PIC32 UART buffer overrun in MIDI receiver application

Dieses Thema im Forum "Controller & MIDI" wurde erstellt von leilei, 15. Dezember 2017.

  1. leilei

    leilei -

    Hi to all, get some advice from your guys, I konw you are always great. The backgrond for question: I have a system that consists of both a MIDI transmitter and MIDI receiver, that are separate units and connected between each other with cables. A PIC32MX6xx-series microcontroller forms the heart of each of these two units/sub-systems. The transmitter generates MIDI messages of notes played on an old mechanical musical keyboard that has been MIDI-fied. Each note-on/off event consists of 3 bytes of data, as per the official MIDI standard:

    • MIDI channel - byte 1
    • Note number - byte 2
    • Velocity - byte 3
    This data is sent over the PIC32's UART at the standard MIDI baud rate of 31250 bps. Furthermore, the UART conifugration is the commonly used 8 data bits, no parity, 1 stop bit. Of course, the receiving PIC32's UART is also configured exactly the same. Upon receiving the MIDI messages, the receiver performs some operations based on the received MIDI message and some other user inputs/configurations. The whole process works mostly fine even with successive notes that are played very fast.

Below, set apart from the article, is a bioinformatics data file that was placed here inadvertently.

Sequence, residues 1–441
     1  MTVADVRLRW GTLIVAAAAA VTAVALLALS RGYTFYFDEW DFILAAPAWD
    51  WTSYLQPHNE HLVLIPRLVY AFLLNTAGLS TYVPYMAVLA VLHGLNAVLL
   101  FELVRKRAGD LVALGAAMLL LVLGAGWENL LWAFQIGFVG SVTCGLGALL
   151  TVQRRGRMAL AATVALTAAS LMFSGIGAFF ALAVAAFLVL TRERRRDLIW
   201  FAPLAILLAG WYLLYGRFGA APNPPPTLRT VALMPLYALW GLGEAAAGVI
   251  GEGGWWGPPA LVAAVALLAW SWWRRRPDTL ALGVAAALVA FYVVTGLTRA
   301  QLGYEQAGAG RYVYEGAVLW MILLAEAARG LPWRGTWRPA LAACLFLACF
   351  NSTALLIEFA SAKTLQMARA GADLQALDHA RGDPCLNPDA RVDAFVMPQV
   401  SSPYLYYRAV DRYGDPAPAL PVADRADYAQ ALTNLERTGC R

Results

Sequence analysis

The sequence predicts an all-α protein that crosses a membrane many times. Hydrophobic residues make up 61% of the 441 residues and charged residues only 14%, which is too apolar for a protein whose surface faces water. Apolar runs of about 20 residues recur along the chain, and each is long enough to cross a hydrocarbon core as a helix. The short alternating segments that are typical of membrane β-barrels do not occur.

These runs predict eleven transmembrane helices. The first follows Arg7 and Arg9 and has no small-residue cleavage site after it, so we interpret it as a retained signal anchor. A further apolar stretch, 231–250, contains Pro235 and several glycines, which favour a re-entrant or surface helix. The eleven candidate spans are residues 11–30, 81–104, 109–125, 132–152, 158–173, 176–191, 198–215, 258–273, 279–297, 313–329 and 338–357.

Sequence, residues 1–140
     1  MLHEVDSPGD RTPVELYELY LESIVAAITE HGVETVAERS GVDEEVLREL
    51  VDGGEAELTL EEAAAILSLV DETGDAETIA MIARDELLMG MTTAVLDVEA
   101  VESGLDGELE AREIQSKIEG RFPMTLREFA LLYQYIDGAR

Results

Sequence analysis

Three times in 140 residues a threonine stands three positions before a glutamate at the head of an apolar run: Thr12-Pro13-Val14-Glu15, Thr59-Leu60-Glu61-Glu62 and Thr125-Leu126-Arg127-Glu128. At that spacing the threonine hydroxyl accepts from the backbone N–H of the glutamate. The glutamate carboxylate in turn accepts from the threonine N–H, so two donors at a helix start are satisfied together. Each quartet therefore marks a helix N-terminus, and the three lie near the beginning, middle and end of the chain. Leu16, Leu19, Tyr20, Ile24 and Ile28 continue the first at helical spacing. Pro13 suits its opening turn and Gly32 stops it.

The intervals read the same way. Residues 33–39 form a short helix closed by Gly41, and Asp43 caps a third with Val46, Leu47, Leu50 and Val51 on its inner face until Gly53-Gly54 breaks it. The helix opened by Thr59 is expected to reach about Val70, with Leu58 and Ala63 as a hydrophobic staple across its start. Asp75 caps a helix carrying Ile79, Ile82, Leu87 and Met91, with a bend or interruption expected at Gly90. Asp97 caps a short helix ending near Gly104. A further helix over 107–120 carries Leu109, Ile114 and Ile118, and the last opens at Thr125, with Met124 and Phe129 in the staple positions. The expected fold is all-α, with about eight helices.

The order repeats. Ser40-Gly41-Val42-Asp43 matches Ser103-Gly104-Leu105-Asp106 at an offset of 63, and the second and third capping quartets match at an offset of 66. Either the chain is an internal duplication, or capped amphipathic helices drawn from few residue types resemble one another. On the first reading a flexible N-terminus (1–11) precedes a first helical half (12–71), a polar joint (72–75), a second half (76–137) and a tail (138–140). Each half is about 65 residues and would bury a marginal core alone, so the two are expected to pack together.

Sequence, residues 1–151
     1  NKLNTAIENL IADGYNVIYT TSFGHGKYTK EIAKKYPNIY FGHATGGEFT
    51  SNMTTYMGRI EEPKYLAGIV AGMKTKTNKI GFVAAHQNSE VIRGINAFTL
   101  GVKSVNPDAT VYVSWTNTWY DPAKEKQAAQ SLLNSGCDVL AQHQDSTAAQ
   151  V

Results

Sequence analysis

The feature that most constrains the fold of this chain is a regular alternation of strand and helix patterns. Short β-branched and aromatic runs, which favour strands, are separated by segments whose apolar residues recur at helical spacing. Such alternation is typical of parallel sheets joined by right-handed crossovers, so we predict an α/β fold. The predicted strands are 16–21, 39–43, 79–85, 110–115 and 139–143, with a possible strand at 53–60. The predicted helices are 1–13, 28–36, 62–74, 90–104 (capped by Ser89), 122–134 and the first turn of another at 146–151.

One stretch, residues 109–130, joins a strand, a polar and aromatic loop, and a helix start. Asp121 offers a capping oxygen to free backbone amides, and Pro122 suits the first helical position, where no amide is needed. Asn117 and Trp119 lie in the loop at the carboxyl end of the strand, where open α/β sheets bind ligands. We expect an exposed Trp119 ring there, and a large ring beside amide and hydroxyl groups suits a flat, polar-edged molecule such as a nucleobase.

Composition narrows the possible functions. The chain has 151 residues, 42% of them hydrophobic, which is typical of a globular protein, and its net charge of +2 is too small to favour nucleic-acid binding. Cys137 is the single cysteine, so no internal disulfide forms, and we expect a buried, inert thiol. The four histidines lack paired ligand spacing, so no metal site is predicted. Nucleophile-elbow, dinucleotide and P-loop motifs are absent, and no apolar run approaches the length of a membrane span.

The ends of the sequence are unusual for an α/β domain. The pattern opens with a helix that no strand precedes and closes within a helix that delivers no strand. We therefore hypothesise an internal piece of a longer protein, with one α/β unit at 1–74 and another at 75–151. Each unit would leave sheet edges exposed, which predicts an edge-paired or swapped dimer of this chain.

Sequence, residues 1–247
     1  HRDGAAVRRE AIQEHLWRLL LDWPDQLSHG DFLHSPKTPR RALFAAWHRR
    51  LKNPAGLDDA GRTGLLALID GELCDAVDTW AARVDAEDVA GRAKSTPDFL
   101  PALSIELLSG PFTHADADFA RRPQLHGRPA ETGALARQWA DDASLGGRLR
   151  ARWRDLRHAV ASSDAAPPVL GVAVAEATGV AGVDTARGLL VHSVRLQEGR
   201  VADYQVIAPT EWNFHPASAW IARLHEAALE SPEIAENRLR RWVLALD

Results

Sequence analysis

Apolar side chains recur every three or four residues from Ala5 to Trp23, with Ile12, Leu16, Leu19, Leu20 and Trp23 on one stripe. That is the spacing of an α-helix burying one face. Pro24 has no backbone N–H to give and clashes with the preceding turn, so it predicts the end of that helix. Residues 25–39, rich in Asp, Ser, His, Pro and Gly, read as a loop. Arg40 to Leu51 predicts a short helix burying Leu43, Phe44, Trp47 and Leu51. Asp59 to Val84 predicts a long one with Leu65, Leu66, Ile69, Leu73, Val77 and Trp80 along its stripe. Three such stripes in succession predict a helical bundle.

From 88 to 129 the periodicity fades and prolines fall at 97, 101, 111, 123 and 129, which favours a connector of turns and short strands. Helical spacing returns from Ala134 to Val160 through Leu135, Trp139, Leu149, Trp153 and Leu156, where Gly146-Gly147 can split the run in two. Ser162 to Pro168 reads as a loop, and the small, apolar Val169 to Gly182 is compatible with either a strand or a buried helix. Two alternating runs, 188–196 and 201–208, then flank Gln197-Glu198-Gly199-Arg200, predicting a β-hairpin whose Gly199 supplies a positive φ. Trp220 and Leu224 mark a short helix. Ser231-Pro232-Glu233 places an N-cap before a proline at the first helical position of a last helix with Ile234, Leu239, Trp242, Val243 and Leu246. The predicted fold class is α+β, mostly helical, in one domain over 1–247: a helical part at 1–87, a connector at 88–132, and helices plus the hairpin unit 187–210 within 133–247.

However, the problem comes in when a large enough chord is played and the notes from the keyboard are pressed down exactly at the same time, typically with a chord size of 5 notes and larger. What happens is that most of the MIDI messages received are processed correctly, but the UART peripheral freezes at what seems to be the last received (perhaps partial) MIDI message. Thereafter, no more MIDI messages are received. An important aspect to mention is that the transmitter still transmits all the MIDI messages as it should - no problem there at all.